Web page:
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OPINION: The MMORPG Drought

By Nick Shively on September 04, 2020 | Editorials | 0

The last AAA MMORPG was released in 2014. Take a moment for that to sink in. What’s worse, is that game no longer exists today. Anyone heavily invested in the genre should realize by now that I’m talking about WildStar. This was also the last major title that NCSoft released and one of two MMORPGs published in 2014. The other is The Elder Scrolls Online, which is still doing relatively well with regular content updates and chapter releases.

Reflecting on the Past

The tale of WildStar is probably most unfortunate because it wasn’t a terrible game. In fact, it was highly popular on launch, rivaling established MMORPGs like Guild Wars 2 and Final Fantasy XIV, but that hype couldn’t be maintained. The game was riddled with bugs, performance issues and a lack of endgame content for casual players. Its brutal raids were some of the best ever developed but the disconnect between the players and publisher eventually led to its downfall.

While the overall failure of such a high-profile game is unfortunate, it seems to have created much more lasting effects on the industry overall. While far from the golden age, there was still a major MMORPG release in the West about once every year until 2015. In the previous years, there were multiple popular titles released, such as Final Fantasy XIV: A Realm Reborn, Guild Wars 2, Neverwinter, and TERA.

It wasn’t until 2016 that the next major MMORPG was released: Black Desert Online. I won’t discount Black Desert’s amazing graphics or visceral combat, but there are many aspects where its quality control suffers. Even though the combat is some of the best in the genre, desync problems that ruin PvP have existed since launch. Glitches, exploits, and hackers have been prevalent at various points of the game’s history. These aren’t the type of issues that would be tolerated for long in World of Warcraft or Final Fantasy XIV.

The biggest contrast with BDO, and most other MMORPGs released since, is the way it monetizes its players. Historically, AAA MMORPGs provide a level playing field by charging a monthly fee and/or box price. The option to purchase items with real currency has typically been limited to cosmetics or convenience items that don’t affect stats or item drops.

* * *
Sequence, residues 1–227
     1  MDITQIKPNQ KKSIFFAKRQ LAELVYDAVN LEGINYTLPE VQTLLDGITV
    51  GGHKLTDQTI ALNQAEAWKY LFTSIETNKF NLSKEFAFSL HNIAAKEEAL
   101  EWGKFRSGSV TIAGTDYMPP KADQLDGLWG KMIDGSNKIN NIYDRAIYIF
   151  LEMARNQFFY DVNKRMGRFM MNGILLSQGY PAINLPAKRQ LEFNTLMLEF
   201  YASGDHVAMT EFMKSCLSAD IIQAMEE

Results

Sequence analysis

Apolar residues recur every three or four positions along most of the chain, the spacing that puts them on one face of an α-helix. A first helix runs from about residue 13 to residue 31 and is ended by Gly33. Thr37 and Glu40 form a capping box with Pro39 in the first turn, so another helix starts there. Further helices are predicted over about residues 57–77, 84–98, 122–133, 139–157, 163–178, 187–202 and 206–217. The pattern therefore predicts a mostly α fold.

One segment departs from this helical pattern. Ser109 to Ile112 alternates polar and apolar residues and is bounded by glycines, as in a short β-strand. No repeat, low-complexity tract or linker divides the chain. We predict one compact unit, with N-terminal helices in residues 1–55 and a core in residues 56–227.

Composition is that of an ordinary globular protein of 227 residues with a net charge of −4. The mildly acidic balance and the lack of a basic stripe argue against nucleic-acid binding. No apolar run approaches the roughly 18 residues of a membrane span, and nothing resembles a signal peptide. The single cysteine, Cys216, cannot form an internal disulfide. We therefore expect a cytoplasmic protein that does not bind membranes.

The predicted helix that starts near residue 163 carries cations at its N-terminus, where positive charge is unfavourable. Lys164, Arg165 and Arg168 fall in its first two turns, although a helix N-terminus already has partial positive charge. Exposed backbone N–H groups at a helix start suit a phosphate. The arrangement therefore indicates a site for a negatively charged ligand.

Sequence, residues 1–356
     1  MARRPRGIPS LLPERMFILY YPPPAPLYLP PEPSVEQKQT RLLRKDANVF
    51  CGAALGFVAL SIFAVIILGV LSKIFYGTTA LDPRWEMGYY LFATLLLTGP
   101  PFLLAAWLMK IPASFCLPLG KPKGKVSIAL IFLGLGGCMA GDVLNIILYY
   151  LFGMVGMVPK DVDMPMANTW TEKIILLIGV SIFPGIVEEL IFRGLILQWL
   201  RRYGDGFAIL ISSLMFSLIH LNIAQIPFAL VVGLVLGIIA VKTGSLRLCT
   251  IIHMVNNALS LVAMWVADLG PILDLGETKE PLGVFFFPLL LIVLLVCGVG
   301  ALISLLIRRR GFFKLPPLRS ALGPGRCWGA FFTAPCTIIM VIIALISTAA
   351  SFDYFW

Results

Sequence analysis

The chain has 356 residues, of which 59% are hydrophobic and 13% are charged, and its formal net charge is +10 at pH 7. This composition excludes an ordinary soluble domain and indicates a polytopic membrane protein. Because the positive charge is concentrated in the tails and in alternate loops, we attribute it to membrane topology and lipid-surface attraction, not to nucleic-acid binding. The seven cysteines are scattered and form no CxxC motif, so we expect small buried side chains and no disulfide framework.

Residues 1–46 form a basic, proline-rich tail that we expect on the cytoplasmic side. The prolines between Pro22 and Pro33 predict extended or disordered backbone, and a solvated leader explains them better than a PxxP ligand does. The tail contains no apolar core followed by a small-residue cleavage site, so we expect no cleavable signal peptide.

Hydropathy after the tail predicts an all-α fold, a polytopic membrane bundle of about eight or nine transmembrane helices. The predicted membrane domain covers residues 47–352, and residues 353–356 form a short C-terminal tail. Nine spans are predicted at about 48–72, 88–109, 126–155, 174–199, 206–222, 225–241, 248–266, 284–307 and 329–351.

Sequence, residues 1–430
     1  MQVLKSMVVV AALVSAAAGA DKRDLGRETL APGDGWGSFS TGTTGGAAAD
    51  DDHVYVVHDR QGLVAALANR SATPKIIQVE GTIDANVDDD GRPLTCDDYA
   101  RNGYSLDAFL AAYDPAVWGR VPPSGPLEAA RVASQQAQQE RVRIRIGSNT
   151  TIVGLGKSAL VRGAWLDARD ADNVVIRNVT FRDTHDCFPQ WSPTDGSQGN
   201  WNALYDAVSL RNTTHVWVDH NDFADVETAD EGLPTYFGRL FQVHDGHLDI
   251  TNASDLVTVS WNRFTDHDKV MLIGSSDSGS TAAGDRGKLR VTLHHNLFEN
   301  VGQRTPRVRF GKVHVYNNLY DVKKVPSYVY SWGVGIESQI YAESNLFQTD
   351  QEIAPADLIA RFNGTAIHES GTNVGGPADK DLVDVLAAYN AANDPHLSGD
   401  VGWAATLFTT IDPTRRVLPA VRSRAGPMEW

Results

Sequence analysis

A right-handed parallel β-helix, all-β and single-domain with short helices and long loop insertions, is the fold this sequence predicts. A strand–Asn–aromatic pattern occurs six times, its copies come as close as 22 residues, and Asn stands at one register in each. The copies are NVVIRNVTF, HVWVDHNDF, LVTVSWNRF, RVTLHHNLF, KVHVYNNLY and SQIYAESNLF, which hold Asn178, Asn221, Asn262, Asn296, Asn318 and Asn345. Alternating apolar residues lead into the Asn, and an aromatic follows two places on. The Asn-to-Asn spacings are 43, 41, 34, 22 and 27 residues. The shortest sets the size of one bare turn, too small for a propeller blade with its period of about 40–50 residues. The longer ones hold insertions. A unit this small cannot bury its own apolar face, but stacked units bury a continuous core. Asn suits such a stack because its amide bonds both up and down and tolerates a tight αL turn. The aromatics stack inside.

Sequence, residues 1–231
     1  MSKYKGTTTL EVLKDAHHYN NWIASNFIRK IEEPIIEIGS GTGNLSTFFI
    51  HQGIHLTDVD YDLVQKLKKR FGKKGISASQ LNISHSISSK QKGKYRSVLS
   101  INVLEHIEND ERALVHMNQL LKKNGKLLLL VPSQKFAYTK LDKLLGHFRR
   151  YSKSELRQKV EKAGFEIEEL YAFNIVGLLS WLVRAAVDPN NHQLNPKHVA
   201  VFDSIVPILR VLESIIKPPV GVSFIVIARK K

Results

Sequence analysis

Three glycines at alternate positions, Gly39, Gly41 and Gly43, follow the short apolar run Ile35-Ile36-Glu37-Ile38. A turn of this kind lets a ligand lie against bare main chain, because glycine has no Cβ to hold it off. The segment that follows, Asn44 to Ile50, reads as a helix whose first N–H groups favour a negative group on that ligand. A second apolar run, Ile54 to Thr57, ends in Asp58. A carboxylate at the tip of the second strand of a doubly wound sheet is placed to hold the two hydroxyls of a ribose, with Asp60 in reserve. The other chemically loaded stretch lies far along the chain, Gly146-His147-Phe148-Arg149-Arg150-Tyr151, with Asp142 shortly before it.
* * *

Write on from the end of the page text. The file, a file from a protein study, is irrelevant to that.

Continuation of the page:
I’m not here to debate whether or not BDO is pay-to-win, but the game does allow players to spend extra money to buy in-game items that provide a major convenience, increased stats, and other advantages over other players. These items can be bought with silver earned in-game, but this can take a substantial amount of time to earn, especially for newer or more casual players. This is one of a few aspects that have traditionally separated games like BDO from typical AAA titles.

Back to the Present

Obviously, Black Desert Online isn’t the only game to use microtransactions and others have abused monetization in much more devious ways. However, there is a large subset of the MMORPG community that doesn’t want to be nickel and dimed and would prefer to pay once or consistently with a monthly subscription fee. The problem is that there hasn’t been a high-quality game released for these individuals since 2014.

For some studios, producing a poorly received game or not finishing a project quickly enough has caused them to close forever. Earlier this year, Nexon closed its studio in California, which was allegedly working on multiple projects. En Masse Entertainment recently shutdown and is in the process of transferring rights for TERA and Closers. In 2018, Carbine closed its doors along with its MMORPG WildStar. The year prior, Gazillion Entertainment lost rights to Marvel and its action MMORPG Marvel Heroes suddenly went offline.

Instead of focusing on true MMORPGs, most major studios have shifted towards chasing the flavor of the month genre (MOBA, Hero Shooters, or Battle Royales), mobile games, or lobby-based pseudo MMOs. The latter two have likely done the most damage to the MMORPG market because many of these games have been highly successful and they’ve taken up a significant amount of development resources from prominent studios.